Remembering Ryan White
The Ryan White HIV/AIDS Program was named for a courageous young man named Ryan White who was diagnosed with AIDS following a blood transfusion in December 1984. Ryan White was diagnosed at age 13 while living in Kokomo, Indiana and was given six months to live.
Ryan was born with hemophilia A, a rare, inherited disorder in which the blood system does not clot normally because of an inability to produce “factor 8,” a prosaically named protein related to this critical process. When a hemophiliac suffers a blunt or bruising injury to the body, internal bleeding often occurs, which causes damage to one’s organs and can be life-threatening. Of particular risk is bleeding within the knee, ankle and elbow joints, which can be severely damaged over time.
When Ryan White tried to return to school, he fought AIDS-related discrimination in his Indiana community. Along with his mother Jeanne White Ginder, Ryan White rallied for his right to attend school - gaining national attention - and became the face of public education about his disease.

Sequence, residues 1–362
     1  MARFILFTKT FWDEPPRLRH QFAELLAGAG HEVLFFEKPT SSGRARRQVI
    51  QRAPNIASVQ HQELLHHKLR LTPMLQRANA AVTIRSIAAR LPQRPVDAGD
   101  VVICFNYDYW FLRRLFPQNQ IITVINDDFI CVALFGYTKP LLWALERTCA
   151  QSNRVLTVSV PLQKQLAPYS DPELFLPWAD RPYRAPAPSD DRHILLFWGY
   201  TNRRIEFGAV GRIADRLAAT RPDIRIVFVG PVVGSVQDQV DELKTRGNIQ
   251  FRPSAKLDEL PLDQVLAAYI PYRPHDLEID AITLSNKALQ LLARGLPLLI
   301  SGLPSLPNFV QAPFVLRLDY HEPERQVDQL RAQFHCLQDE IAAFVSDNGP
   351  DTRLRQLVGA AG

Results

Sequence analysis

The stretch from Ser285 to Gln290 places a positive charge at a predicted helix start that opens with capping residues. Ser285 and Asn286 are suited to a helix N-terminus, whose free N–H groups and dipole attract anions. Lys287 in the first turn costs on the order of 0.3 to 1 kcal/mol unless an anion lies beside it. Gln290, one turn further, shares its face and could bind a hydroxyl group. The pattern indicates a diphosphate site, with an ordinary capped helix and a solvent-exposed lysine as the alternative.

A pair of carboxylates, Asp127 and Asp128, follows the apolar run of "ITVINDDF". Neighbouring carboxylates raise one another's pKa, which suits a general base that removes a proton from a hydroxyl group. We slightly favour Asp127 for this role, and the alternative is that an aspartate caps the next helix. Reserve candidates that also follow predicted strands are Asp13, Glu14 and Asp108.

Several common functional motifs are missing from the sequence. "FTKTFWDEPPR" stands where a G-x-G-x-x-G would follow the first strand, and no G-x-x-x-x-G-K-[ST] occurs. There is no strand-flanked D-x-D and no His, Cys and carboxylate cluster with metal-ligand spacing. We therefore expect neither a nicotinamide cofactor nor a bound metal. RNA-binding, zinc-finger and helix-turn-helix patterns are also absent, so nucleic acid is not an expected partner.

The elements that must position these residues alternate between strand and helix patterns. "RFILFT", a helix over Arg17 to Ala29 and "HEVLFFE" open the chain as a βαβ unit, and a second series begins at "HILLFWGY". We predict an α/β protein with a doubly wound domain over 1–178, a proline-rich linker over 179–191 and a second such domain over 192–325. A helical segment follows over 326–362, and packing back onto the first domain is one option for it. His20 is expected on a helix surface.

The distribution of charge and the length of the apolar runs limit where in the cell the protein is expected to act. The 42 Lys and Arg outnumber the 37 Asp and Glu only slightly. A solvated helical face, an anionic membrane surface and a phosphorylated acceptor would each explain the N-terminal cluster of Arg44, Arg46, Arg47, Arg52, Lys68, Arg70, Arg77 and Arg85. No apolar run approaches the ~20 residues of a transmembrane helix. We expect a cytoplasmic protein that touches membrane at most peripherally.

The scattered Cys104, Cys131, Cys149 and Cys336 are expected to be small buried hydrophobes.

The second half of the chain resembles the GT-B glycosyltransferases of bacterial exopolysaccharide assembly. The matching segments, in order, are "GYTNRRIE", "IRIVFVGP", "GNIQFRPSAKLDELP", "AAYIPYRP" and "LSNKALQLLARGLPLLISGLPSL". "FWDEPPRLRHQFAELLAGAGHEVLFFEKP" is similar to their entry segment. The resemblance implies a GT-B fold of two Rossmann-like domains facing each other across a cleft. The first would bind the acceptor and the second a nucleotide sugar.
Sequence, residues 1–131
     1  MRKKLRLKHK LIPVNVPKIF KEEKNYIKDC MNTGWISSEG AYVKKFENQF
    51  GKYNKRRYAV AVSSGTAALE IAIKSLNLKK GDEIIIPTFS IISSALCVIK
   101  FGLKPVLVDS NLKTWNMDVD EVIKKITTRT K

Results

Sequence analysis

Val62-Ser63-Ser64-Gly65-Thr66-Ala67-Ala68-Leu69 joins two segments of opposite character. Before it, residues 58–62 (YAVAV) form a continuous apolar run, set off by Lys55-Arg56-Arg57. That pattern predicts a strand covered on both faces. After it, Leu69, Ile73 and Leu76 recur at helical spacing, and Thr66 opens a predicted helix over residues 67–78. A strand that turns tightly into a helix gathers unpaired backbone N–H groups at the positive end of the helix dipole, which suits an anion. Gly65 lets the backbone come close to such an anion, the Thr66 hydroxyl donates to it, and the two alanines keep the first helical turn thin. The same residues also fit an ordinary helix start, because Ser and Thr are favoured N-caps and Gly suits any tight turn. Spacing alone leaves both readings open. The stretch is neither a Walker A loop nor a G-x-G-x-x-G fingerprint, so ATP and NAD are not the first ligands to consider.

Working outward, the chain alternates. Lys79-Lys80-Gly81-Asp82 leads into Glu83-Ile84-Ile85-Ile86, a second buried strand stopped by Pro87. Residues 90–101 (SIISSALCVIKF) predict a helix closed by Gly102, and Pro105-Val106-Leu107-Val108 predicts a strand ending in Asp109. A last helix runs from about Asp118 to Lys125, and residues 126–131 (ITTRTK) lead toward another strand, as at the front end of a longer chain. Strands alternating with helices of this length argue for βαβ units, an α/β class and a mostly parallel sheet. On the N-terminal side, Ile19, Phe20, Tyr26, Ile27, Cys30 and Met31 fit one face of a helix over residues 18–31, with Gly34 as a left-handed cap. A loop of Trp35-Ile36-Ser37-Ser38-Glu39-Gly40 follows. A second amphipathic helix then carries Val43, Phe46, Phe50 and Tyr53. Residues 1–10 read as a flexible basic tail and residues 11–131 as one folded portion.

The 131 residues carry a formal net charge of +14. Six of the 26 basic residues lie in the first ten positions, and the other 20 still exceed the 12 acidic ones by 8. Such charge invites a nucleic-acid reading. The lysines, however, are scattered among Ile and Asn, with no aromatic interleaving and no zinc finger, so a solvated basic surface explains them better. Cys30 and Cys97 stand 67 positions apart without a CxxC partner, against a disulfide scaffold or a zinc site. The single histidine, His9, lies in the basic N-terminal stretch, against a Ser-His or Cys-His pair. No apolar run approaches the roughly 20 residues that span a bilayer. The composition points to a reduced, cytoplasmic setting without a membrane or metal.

Surprising his doctors, Ryan White lived five years longer than predicted. He died on April 8, 1990, one month before his high school graduation and only months before Congress passed the legislation bearing his name in August 1990 - the Ryan White Comprehensive AIDS Resources Emergency (CARE) Act.
His mother, Jeanne White-Ginder was in Oklahoma City last year to share about the life of her son.
Today we celebrate one of the great heroes in the war against AIDS: a quiet, unassuming and brave young man named Ryan White. He was only 18 when he died of the disease.
Despite being dealt two bad hands — hemophilia and becoming infected with HIV from the very treatment used to treat his blood disorder — Ryan White made a lasting and noble difference in the world.
More about the life of Ryan White here.
The Gayly. April 8, 2018. 10:34 a.m. CST.